"Reading your newspaper for two hours straight you radiated with peace and tranquility. I was thankful to be sitting next to you and catch your serene vibe. It really calmed me down."
How did he react?
"Oh, thank you! Thanks very much!"
How did I feel?
Berlin is a race against time. How many activities can you squeeze into 30 minutes? How many gallons of coffee (or mate, since we're in Berlin) can you drink? And how many nights can you go without sleep? Some of us book flights while texting ten people at once on our way to lunch, I have friends who take speed after Yoga - "It's gotta be party time at some point!", they say - or before late night work, and riding my bike I catch myself cursing cars I can't overtake while the red light says stop.
Yes, I hear about opposite trends, too. Slow food, slow travel and yesterday I read an article about slow sex. And I do wish those will turn into more than a fad. But for now I don't see them in the city much. Actually reading that slow sex article was procrastination- I should have worked on an essay for school. Or did I just decelerate for a minute there? Either way I was sitting in the Mensa, my school's massive canteen, a military dude in my head who kept firing gun shot rhythms in the air, shouting: "Start the essay! Now! Immediately! Do it!"
Turning my head to the corner I spotted Joachim. He sat afar from it all and ignored the student's hurry scurrying. In front of him: A hot beverage, two bananas and the daily paper. Nothing but that for 150 minutes. Except for turning pages and raising the cup to his mouth he sat still. From time to time he gazed over his lively surrounding, then returned to one of the articles. If he moved he did slowly. At first I thought he was a professor waiting for a colleague. But after an hour I realized he was still there doing the same thing he had been sixty minutes ago- basically nothing! I was stunned. From then on I enjoyed his presence consciously. Taking in the calm he radiated with I passed it on to the military man in my head an whispered: "Hey, man, chill!" in his ear. The man lowered the gun and looked at me bewildered. It felt good. Whenever he got ready to fire again I looked back at Joachim and took two, three deep breaths. This way the man remained silent for good.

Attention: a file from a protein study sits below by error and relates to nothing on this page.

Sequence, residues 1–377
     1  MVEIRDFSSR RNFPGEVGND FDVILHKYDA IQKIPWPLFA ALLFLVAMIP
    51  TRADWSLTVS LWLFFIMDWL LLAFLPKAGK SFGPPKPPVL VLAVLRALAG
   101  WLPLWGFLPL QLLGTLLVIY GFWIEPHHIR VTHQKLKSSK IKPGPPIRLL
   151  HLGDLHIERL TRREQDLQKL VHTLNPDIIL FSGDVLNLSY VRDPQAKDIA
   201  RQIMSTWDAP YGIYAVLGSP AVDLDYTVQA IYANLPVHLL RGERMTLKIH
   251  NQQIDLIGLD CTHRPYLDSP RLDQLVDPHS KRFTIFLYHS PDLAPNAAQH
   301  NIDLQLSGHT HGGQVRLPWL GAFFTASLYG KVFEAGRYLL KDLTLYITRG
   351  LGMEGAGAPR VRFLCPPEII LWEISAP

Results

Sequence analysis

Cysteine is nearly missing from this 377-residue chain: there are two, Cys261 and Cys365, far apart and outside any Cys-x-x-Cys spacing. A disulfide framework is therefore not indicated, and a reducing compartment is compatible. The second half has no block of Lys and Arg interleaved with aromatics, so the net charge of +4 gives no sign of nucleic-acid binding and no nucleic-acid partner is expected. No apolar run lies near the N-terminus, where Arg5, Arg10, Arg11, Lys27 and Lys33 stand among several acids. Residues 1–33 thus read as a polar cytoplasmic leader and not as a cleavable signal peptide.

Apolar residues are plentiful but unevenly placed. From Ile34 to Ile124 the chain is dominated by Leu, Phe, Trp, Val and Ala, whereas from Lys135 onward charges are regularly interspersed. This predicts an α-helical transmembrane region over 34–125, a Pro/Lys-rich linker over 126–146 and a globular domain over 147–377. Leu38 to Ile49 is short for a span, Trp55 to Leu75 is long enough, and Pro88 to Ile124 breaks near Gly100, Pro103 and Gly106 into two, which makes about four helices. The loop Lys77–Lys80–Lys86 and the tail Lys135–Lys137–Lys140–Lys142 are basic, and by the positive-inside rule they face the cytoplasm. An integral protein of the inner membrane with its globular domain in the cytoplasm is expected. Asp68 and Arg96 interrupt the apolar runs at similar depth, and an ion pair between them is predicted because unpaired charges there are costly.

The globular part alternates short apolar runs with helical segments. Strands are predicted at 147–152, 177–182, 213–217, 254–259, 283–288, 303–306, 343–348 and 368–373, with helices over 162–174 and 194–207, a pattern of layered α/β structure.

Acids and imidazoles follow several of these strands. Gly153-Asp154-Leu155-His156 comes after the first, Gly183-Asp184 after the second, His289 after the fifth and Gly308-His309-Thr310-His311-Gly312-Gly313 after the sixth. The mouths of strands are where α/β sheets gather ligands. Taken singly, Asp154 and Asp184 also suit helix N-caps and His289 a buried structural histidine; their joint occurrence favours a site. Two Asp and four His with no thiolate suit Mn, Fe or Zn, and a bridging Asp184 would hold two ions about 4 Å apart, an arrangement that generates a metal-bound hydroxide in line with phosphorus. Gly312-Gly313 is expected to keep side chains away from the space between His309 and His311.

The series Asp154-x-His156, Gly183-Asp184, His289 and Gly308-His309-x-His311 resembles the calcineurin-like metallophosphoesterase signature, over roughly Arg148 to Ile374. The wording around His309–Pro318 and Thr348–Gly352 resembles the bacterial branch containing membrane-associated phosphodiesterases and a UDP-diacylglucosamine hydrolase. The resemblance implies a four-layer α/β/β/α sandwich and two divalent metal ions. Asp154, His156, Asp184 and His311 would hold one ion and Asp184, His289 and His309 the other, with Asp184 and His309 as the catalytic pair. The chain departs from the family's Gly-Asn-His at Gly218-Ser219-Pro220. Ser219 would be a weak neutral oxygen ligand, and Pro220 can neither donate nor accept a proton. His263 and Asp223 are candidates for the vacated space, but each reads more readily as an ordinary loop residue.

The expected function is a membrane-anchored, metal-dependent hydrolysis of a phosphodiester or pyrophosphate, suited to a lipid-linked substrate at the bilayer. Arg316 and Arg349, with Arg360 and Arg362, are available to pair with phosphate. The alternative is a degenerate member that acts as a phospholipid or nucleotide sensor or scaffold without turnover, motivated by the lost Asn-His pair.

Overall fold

90 minutes later, headed towards the exit, I passed Joachim's table and said thank you. His reaction to the compliment changed his way from calm to animated. His face lit up, he started talking and vividly gesturing.
I learned that he comes to the canteen a lot and that he enjoys hanging out in the hecticness. The reason for his being there is his daughter: She uses a wheelchair and studies at FU. Joachim, after 44 years of work, decided to go for early retirement and drives her to school and back home these days.
This compliment was an opener. Allured by Joachim's calm I got to see more beautiful traits of his once I had approached him. He told me about some of the challenges his family had to overcome raising a handicapped kid. I was shocked: Six years of pointless fighting with their health insurance over a gadget they needed for Joachim's daughter not to be completely dependent on her parents! Six years of writing letters, receiving declinations, writing more letters and going to court. Six years of his daughter being dependent on her parents when she had already been fully grown. And that was just one of their battles. When Joachim talked about his resistance there was fire in his eyes. When he referred to his daughter there was pure bliss and pride. If he does not read the paper he rides his bike through the forest and collects wood for his families wooden stove. He even had to do credits for that! They taught him you should chop wood on aluminium because that is the only metal wood is not likely to splinter on. He talked about what it was like for him in Berlin (he misses his home, the Ruhrgebiet), how he feels towards life and his family (gratitude) and what he hates in traffic (people who ignore the rules and blame others).
Between his statements, every now and then, Joachim would throw in a "....but I want to say thank you for that compliment again, really, so nice, thanks!.-..."
And I would smile at him, happy to see his joy and to learn from him, an say:
"You are so welcome!"